The Kaaba is a cuboidal building in the center of the Great Mosque in Mecca that pre-dates Islam and is the holiest site in all of Islam.  Muslim beliefs say that the original building on the site was built by Abraham.  Thus, a mosque was built around the site and all Muslims, regardless of their location, must face the Kaaba during daily prayers, as well as take part in the Hajj if able.

Last month Iran’s President, Mahmoud Ahmadinejad, warned that it would take “appropriate measures” if its citizens faced restrictions.  Ayatollah Khamenei, the Iranian Supreme Leader, called for the Shia to show that they were dealing with challenges to their unity.

Thus, the Saudi government has responded by both warning Iran not to abuse the Hajj for political purposes, and by the ban on protests.

Authorities are also hoping to prevent a repeat of the deadly stampedes, such as in 2006 when 364 people were killed, that have afflicted the Hajj.  In response, the Saudi Government has recently finished the rebuilding of the Jamarat Bridge at Mina, the 950m (3,135ft) long, 80m (260ft) wide five-story pedestrian walkway, which cost $1.2bn, and that authorities hope will prevent overcrowding.

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Muslim 500 – A Listing of the 500 Most Influential Muslims in the World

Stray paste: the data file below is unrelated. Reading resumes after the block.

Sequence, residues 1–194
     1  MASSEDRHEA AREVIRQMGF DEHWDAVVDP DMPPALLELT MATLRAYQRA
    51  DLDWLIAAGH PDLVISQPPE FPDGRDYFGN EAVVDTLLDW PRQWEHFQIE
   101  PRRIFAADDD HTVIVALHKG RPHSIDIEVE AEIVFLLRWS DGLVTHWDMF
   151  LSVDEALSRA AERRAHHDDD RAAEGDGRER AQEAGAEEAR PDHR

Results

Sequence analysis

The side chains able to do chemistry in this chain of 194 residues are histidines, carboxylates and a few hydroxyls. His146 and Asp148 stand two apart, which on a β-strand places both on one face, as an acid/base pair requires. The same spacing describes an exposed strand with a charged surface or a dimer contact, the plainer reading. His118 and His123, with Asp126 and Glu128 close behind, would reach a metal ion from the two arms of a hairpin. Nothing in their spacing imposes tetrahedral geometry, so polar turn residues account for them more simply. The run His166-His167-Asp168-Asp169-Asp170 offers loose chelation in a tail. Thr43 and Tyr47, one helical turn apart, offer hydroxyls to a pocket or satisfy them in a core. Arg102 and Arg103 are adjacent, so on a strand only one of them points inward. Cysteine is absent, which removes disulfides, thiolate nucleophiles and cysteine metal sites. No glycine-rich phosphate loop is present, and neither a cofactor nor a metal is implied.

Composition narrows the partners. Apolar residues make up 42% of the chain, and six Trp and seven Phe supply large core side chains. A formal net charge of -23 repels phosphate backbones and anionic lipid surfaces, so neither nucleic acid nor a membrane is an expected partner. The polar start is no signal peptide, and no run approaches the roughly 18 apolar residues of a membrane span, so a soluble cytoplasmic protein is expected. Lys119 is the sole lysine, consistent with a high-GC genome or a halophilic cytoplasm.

November 17, 2009 by · 12 Comments 

By Adil James, MMNS

mabda500cover-v2 A fascinating new book has just been issued by The Royal Islamic Strategic Studies Center (in Jordan) in concert with Georgetown’s Prince Alwaleed Bin Talal Center for Muslim-Christian Understanding.

The book lists the 500 most influential people in the Muslim world, breaking the people into several distinct categories, scholarly, political, administrative, lineage, preachers, women, youth, philanthropy, development, science and technology, arts and culture, media, and radicals.

Before this breakdown begins however, the absolute most influential 50 people are listed, starting with King Abdullah of Saudi Arabia.  The top 50 fit into 6 broad categories as follows:  12 are political leaders (kings, generals, presidents), 4 are spiritual leaders (Sufi shaykhs), 14 are national or international religious authorities, 3 are “preachers,” 6 are high-level scholars, 11 are leaders of movements or organizations.

The 500 appear to have been chosen largely in terms of their overt influence, however the top 50 have been chosen and perhaps listed in a “politically correct” order designed not to cause offense.  For example, the first person listed is the Sunni political leader of Saudi Arabia, King Abdullah.  The second person listed is the head of the largest Shi’a power, Iran, Ayatollah Khamenei.  As these are not the two Muslim countries with the largest populations, and do not even represent the two countries with the most spiritual or religious relevance (Saudi Arabia yes, Iran no) therefore clearly the decision of spots one or two appears to have been motivated by a sense of political correctness.